6. Tom Waits
Tom Waits is a great artist, for whom acting and music serve as two sides of one modus operandi. Waits’ songs draw characters, tell stories and evoke moods. The same can be said of his efforts as a character actor, bringing unorthodox dimensions to films like The Fisher King, Dracula, Mystery Train, Down By Law and Wristcutters: A Love Story.
5. Barbra Streisand
I don’t really like Barbara Streisand or her movies, but I put her here because she’s a fucking good actress and we have to acknowledge that, however much it pains us to do so.
4. Frank Sinatra
It wasn’t that Sinatra was ever a technically great actor; it was more that he was Frank Sinatra and, as such, had charisma dripping off him. He won an Academy Award for From Here to Eternity, for a small part in which he was basically a smart ass. He made a lot of fluff movies and vehicles for songs or clowning around with various members of his Rat Pack, but he never took acting for granted. As with his singing, he never really half-assed it and noticeably improved as an actor, giving substantial performances in The Manchurian Candidate, Von Ryan’s Express and The Detective. He didn’t do too much acting after 1970, instead spending his time smacking punks in the mouth, Charley.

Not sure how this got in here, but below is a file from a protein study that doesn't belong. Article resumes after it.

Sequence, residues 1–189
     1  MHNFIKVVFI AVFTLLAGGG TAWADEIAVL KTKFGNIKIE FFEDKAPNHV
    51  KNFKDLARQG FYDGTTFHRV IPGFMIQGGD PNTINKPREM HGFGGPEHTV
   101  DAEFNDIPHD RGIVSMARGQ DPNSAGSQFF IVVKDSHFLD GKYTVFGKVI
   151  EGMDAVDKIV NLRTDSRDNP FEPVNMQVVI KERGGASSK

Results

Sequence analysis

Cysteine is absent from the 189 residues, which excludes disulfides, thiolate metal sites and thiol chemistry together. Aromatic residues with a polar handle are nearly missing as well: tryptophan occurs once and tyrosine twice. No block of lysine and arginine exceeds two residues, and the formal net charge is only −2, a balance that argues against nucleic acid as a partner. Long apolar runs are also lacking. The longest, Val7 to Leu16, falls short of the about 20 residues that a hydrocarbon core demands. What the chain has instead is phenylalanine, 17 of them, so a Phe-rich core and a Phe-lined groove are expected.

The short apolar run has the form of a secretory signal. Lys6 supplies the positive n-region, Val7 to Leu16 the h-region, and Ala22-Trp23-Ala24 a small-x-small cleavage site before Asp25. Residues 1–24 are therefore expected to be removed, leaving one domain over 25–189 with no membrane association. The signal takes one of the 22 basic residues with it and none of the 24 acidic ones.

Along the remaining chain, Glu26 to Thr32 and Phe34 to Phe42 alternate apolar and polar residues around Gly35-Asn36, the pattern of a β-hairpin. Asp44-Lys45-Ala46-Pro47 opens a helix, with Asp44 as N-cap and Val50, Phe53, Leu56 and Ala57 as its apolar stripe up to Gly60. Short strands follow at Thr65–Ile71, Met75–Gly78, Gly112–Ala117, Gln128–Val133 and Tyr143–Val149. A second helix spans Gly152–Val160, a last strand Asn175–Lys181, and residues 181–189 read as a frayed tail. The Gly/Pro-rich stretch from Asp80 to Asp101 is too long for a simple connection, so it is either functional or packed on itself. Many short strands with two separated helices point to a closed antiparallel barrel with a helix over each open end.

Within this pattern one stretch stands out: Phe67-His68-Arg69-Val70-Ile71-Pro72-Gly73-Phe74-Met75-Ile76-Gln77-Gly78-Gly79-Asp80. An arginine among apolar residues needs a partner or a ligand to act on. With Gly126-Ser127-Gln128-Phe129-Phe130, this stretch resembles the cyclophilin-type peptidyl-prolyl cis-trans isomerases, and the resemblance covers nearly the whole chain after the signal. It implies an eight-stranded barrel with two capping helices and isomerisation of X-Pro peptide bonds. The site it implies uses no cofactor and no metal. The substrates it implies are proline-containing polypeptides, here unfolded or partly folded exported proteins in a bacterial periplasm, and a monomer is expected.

Cher is acceptable as a singer, but surprised audiences with the depth and focus of her acting in films like Silkwood, Mask and Moonstruck, for which she won an Academy Award. I haven’t and won’t ever see Burlesque or Zookeeper, but any assessment of Cher’s acting career benefits from the fact that she has not made a ton of movies. She has historically been pretty (and wisely) selective in her choices of roles. And, yet…Zookeeper.
2. Mark Wahlberg
If you’d told me in 1989 that the dipshit brother of Donnie Wahlberg, the one on the CK billboard with his pants falling off, would be one of the top leading men in Hollywood, I would have spit in your goddam lying face. But here we are and I owe you a hypothetical, time-travelling apology. Not only is he a big success, but I must admit, he’s a pretty damn good actor. Have you seen Boogie Nights? He’s so great in it that it was difficult to accept him as any other character for a while. But he was one of the bright spots in the otherwise disappointing The Departed, and he made the thin Rock Star and Invincible highly watchable. I Heart Huckabees was an ensemble piece, but he was great in that, as well as in The Fighter.
1. Will Smith
I was a pre-teen when “Parents Just Don’t Understand” was a hit, and so I thought it was hilarious. The Fresh Prince of Bel-Air was similarly OK with me, but, once again, who could have known that this guy would be a leading-man megastar? Six Degrees of Separation was a revelation—a great film with an impressive performance from Smith. Independence Day is a stupid movie, but he did alright in that one, and for a while that’s all he did. Big, dumb movie-star movies. He must have decided at some point that he had more money than his great-great-grandchildren could ever possibly spend, because he took a turn for the better with films like Ali, The Pursuit of Happyness, Seven Pounds and even Hancock. While these are certainly nothing close to art-house films, they are thoughtful and entertaining as hell, and in them Smith comes off as nothing less than a world-class movie star.